In the face of these challenges, global recognition of the importance of proper marine resource management is growing with South Africa at the forefront of developing long-term strategies in this regard. The implementation of Marine Protected Areas (MPAs) is one that has been employed worldwide, not only to address many of the threats to marine and coastal ecosystems, but also to meet a wide range of human needs- education, fisheries management, recreation, income generation and research, among others.

Effectively implemented MPA’s benefit both people and the planet in the following ways:

  • Coastal protection: MPAs protect habitats that provide a buffer against the impacts of climate change and a level of insurance against natural disasters. Mangroves can mitigate the impacts of tropical storms, while coral reefs can prevent coastal erosion. In other words, well-placed MPAs defend coastal property and infrastructure to some degree.
  • Species survival and reproduction: MPAs can protect critical habitats, including migration routes, places of refuge against predators, spawning grounds and nursery areas. In other words, they support the reproduction and survival of species, including many valuable fish stocks.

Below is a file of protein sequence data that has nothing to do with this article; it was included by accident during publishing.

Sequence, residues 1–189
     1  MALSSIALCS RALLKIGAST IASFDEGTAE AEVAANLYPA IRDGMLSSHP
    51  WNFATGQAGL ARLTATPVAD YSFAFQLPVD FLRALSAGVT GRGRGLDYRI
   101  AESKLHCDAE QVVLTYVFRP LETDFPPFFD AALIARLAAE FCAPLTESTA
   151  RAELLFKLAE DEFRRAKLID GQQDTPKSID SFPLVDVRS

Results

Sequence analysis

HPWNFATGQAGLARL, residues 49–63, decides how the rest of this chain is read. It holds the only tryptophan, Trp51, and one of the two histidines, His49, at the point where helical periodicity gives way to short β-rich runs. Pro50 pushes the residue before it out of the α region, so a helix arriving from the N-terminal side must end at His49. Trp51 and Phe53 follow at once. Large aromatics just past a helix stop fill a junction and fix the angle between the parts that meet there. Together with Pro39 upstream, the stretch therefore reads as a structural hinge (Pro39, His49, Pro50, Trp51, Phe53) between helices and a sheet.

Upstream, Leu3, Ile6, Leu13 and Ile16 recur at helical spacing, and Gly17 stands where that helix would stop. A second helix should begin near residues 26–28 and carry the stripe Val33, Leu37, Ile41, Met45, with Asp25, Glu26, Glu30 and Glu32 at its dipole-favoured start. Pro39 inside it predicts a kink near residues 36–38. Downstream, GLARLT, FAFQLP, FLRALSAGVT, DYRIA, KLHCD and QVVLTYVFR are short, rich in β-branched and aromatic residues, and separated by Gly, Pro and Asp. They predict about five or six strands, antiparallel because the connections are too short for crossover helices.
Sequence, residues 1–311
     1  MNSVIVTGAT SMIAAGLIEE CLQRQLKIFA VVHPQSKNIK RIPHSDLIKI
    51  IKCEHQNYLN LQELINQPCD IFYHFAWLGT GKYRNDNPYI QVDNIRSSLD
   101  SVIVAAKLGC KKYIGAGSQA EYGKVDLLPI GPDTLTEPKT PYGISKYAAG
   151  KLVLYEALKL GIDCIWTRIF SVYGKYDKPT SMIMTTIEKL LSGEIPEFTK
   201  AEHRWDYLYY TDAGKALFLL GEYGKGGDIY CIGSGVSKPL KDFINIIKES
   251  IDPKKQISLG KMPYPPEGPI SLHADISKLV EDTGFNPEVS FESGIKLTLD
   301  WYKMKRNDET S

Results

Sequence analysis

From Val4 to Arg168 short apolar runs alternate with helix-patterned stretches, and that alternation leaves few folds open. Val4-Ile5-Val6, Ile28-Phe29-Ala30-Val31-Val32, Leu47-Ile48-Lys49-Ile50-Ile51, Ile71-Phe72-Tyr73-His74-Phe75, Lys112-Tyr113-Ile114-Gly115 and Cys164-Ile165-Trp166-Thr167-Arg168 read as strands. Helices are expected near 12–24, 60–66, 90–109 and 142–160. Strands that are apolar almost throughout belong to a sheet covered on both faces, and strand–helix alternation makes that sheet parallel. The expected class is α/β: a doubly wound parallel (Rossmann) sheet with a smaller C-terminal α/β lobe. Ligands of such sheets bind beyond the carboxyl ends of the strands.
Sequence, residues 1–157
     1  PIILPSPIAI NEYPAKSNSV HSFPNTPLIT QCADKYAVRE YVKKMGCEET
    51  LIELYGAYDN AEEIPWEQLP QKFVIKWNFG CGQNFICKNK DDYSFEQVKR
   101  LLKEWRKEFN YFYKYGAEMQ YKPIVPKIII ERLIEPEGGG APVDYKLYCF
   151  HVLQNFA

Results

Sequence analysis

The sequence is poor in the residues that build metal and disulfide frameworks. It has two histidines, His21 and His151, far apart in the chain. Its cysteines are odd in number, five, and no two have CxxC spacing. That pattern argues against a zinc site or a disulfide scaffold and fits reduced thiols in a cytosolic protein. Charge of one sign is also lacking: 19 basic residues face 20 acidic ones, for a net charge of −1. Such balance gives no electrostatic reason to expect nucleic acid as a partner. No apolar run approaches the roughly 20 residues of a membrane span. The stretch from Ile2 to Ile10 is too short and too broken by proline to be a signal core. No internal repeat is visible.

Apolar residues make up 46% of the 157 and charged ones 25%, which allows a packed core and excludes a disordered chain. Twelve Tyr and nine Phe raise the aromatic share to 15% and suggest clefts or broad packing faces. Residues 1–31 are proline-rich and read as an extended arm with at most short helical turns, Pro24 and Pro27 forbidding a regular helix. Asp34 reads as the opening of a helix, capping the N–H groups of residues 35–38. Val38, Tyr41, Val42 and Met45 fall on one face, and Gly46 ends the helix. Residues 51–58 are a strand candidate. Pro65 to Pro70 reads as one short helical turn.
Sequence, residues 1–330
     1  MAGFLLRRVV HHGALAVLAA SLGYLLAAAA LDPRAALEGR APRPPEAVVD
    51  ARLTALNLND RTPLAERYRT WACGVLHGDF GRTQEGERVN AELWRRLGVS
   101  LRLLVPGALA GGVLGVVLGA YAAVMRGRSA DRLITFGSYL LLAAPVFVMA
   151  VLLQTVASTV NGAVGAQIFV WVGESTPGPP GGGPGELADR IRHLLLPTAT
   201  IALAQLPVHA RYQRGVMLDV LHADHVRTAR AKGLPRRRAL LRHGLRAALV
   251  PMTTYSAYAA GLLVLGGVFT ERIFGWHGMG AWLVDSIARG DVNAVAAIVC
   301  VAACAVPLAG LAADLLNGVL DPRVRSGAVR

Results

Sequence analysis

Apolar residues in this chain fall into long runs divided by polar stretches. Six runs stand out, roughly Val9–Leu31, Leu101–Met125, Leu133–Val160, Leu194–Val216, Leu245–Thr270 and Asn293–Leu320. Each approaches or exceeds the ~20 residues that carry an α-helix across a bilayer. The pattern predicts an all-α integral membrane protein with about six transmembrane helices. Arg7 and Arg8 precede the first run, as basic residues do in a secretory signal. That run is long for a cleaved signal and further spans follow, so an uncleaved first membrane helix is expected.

• Fisheries benefits: Globally, MPAs have been shown to increase fish size, density, biomass and species richness (Lester et al. 2009). These increases are also seen beyond the boundaries of the protected area, through the so-called spill-over effect. This spill-over effect applies to larvae, juvenile and adult fish moving beyond MPA boundaries (Halpern, 2003; Lester et al., 2009; Harrison et al., 2012). The community composition outside the protected area becomes like that inside, essentially exporting recovery beyond the protected zone (Russ & Alcala, 2010). As such, MPAs are an important tool in stock replenishment, long-term food security and fishing-related livelihoods.
  • Carbon storage: Increasingly, coastal ecosystems are recognized for their important role in fighting climate change through carbon sequestration – and, conversely, their potential to become sources of carbon emissions when degraded (Crooks et al., 2011). Coastal vegetation – such as sea grass beds, mangroves and salt marshes – stores and sequesters carbon very effectively (Murray et al., 2011). The protection and restoration of coastal vegetation could provide coastal and island communities with important economic opportunities on the carbon offset market (Hastings et al., 2014).